4 horror movies to watch at home in the dark this weekend

My wife and I have been watching horror movies in honor of Halloween month. Our first batch included Sleepaway Camp (1983), Halloween III: Season of the Witch (1982), Shivers (1975) and The Strangers (2008). For the most part, all of them — as most horror tends to be — were gory and macabre meditations on our collective anxieties about who we are as a people, where we hope to get to, and how said anxieties will likely interfere with those hopes and our security while also destroying everyone around us. Fun!

Sleepaway Camp and Shivers are about our relationships with sexuality, expression and identity. The Strangers, ultimately, is about insecurity on the surface, but probably also intimacy underneath. Halloween III, while highly entertaining (often for the wrong reasons), supposedly touches on fears of corporatization, but it is hard to see as more than an unintentionally hilarious movie about a scheming Irish Warlock and his Stone Henge fueled scheme to pull off a genocidal practical joke.

In an episode of the podcast How Did This Get Made that was focused focused on the movie, comedian and co-host Jason Mantzoukas described Sleepaway Camp as “next level insane” and “bonkers,” which are wholly apt descriptors for both that movie and the David Cronenberg-directed Shivers.

I can’t go too far into describing Sleepaway Camp without giving too much away, but what sometimes feels like a horribly predictable and stereotypically badly acted slasher film builds up to what is arguably one of the best pay-offs in movie history. While the sexual politics of the movie are totally confused and absolutely ridiculous and they should not be read into literally, they make for a wonderful climax. If you don’t yet know what happens and you have not yet seen it, go in blind and enjoy watching it all unfold.

Speaking of sexual politics, Shivers, David Cronenberg’s directorial debut, is ultimately about a parasite that looks like Freddy Krueger’s penis. When it forces itself into a person, the host becomes a sex-crazed maniac. Even when resisting the urge to take the film literally, it feels prophetic as it comments on both the emergence of increasingly aggressive sexually transmitted diseases and what self-imposed isolation in the name of comfort can do to people. The opening scene and the climax are beautiful bookends to a smart, though often silly movie. A trigger warning is in order, as the outbreak portrayed in the movie essentially turns everybody into rapists.

(The aforementioned episode of How Did This Get Made, by the way, is not only an incredible episode of that series, with all of its likely futile attempts to better understand the logic of the slasher film, but probably one of the best podcast episodes of any season ever recorded.)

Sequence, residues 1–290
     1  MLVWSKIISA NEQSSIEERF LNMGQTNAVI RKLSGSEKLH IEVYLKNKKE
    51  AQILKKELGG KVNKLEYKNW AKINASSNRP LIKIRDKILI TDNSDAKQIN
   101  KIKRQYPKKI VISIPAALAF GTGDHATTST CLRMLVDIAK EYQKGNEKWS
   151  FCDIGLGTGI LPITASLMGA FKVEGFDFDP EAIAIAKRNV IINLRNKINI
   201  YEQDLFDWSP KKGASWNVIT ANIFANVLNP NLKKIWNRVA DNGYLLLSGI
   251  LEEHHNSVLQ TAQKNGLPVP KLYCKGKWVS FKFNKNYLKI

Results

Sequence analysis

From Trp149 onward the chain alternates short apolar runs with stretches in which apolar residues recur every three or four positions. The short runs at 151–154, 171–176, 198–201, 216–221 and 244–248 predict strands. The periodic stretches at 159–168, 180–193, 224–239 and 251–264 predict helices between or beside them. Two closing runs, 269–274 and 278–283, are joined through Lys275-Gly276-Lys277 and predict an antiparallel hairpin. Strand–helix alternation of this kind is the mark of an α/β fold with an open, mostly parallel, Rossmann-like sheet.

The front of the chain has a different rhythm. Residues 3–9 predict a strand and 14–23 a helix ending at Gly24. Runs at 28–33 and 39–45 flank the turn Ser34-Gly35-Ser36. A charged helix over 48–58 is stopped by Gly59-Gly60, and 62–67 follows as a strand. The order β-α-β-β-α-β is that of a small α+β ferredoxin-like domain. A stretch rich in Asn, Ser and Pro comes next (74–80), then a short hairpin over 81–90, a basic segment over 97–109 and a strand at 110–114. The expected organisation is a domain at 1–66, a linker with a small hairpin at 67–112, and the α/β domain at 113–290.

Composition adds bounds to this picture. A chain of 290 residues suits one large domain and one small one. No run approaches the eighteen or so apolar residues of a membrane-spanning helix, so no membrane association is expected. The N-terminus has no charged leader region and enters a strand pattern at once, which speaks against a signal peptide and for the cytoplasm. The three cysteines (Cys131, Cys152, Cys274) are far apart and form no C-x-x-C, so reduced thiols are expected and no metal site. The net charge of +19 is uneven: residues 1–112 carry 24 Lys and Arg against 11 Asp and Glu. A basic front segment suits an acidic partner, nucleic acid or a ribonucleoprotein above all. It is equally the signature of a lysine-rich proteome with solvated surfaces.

The Strangers is decent and fairly well acted and you will find it scary as Hell if you have any fears about being alone. That said, and I did not anticipate turning my commentary about this movie into a suggestion of another until just now, I watched You’re Next (2011) last night, and it offers a similar conceit — seemingly good people are trapped in a house because murderous weirdos are trying to kill them — but it is very darkly funny and full of solid twists.

Halloween III: Season of the Witch — better known as “that one that doesn’t have Michael Myers in it for some reason” — is absolutely ridiculous and worth checking out. Aside from offering a few practical effects, which are surprisingly gory, the film spends a lot of time with a doctor who decides to investigate a mysterious mask factory he comes to suspect is up to no good. It is totally unconvincing and definitely not scary, but, even though the payoff borders on outlandishly stupid, it is a lot of fun to see it all unfold. This is another one I decided to give a chance after listening to the episode of How Did This Get Made dedicated to it. If for no other reason, Halloween III (and Sleepaway Camp, for that matter) is worth watching so that you can listen and laugh along to that podcast.

Go get ’em, champs. For Portland-based residents, I am pretty sure all of these are available at Videoport.

Alex Steed

About Alex Steed

Alex Steed has written about and engaged in politics since he was an insufferable teenager. He has run for the Statehouse and produced a successful web series. He now runs a content firm called Knack Factory with two guys who are a lot more talented than himself.